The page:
In order to confirm advantageous functions of the present invention, there were prepared specimens of the piezoelectric devices having a conventional structure, and specimens of the piezoelectric devices having a basic structure shown in FIG. 1. For each specimen, the ceramic substrate is comprised of zirconium oxide as a major component, having a crystal phase partially stabilized by the addition of yttrium oxide, and is formed with a thin-walled region having a thickness of 10 μm. A lower electrode comprising platinum and having a thickness of 5 μm, and a piezoelectric layer comprising a material whose major component is a composition of lead magnesium niobate, lead zirconate and lead titanate, and having having a thickness of 30 μm, were pattern-formed on the thin-walled region of the ceramic substrate by a screen printing method and then integrated with the substrate by sintering, and an upper electrode layer was comprised of gold and formed by a sputtering process. With these specimens, displacement tests have been performed to measure amount of displacement of the piezoelectric transducer achieved by applying an operational voltage of DC 30 V to the piezoelectric transducer. The measurement was performed by using a laser displacement meter. The result of the measurement is shown in Table 1 below.

                                  TABLE 1__________________________________________________________________________Type of Polarity for          Polarity of opera-                   Direction of                          DisplacementSpecimen   polarization          tional voltage                   displacement                          amount (μm)__________________________________________________________________________Comparative   positive for          positive for                   downward                          0.30Specimen 1   upper side          upper side          negative for                   upward unstable *          upper side      (max. 0.10)Comparative   negative for          negative for                   downward                          0.22Specimen 2   upper side          upper side          positive for                   upward unstable *          upper side      (max. 0.08)Specimen 3   positive for          positive for                   upward 0.30of the Invention   upper side          upper side          negative for                   downward                          unstable *          upper side      (max. 0.10)Specimen 4   negative for          negative for                   upward 0.23of the Invention   upper side          upper side          positive for                   downward                          unstable *          upper side      (max. 0.08)__________________________________________________________________________ Note: * . . . The displacement amount changes with time.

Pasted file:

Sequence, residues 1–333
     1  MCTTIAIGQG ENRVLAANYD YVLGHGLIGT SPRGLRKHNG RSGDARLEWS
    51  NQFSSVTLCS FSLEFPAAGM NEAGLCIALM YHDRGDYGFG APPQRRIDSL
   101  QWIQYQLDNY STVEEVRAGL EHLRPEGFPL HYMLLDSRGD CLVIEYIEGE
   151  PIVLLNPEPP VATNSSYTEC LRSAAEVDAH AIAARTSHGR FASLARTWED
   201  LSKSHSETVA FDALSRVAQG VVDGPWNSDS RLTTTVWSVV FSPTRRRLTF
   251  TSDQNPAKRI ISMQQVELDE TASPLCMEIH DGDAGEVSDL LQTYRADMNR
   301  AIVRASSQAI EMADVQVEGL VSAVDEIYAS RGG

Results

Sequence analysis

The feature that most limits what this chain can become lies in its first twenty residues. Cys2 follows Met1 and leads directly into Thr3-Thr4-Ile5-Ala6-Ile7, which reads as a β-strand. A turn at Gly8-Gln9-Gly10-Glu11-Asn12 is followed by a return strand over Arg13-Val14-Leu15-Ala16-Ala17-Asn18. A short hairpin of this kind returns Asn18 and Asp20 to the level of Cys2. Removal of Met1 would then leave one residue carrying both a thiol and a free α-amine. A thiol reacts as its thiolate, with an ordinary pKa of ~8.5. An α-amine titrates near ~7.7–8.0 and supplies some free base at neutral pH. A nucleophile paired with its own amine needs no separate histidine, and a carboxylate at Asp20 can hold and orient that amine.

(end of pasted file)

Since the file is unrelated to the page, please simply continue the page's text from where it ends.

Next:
As can be recognized from Table 1 above, the piezoelectric device according to the present invention is capable of causing an upward displacement of the piezoelectric transducer with a satisfactory displacement amount which is substantially same as the downward displacement amount of conventional piezoelectric devices which fully utilize the polarization characteristic of the piezoelectric film layer.

It will be readily appreciated from the foregoing detailed description that, according to the present invention, it is possible to realize a piezoelectric device including a thin-walled region of the substrate which can be deflected or displaced upward, i.e., in a direction away from a cavity defined by the thin-walled region, by applying an operational voltage with a polarity which is same as the polarity for polarization treatment of the piezoelectric film layer, thereby causing the volume of the cavity to increase or generate a negative pressure in the cavity. Such an upward displacement of the thin-walled region can be achieved without sacrifice of the polarization characteristic of the piezoelectric film layer and hence the proper characteristics of the device. Moreover, it is possible to improve the manufacturing yield of the piezoelectric device since, even when the piezoelectric transducer is formed at a location which is laterally offset relative to the substrate, the thin-walled region of the substrate can be displaced upward by an amount which is substantially same as that achieved by a piezoelectric transducer situated at a proper location without lateral shifting.

while the present invention has been described with reference to some preferred embodiments, they were given by way of examples only. It is of course that various changes and modifications may be made without departing from the scope of the present invention as defined by the appended claims. For example, although the above-mentioned embodiments of the piezoelectric device are mainly directed to actuators for a relay, the device according to the present invention can also be used as a pumping element or a sensor.

Patent Citations
Cited PatentFiling datePublication dateApplicantTitle
US4189734 *Jul 19, 1974Feb 19, 1980Silonics, Inc.Method and apparatus for recording with writing fluids and drop projection means therefor
US4195284 *Aug 9, 1977Mar 25, 1980Ward & Goldstone LimitedSound generator
US4620123 *Dec 21, 1984Oct 28, 1986General Electric CompanySynchronously operable electrical current switching apparatus having multiple circuit switching capability and/or reduced contact resistance
US4642508 *Mar 8, 1985Feb 10, 1987Kabushiki Kaisha ToshibaPiezoelectric resonating device
US4680595 *Nov 6, 1985Jul 14, 1987Pitney Bowes Inc.Impulse ink jet print head and method of making same
US4719383 *Sep 30, 1986Jan 12, 1988The United States Of America As Represented By The United States Department Of EnergyPiezoelectric shear wave resonator and method of making same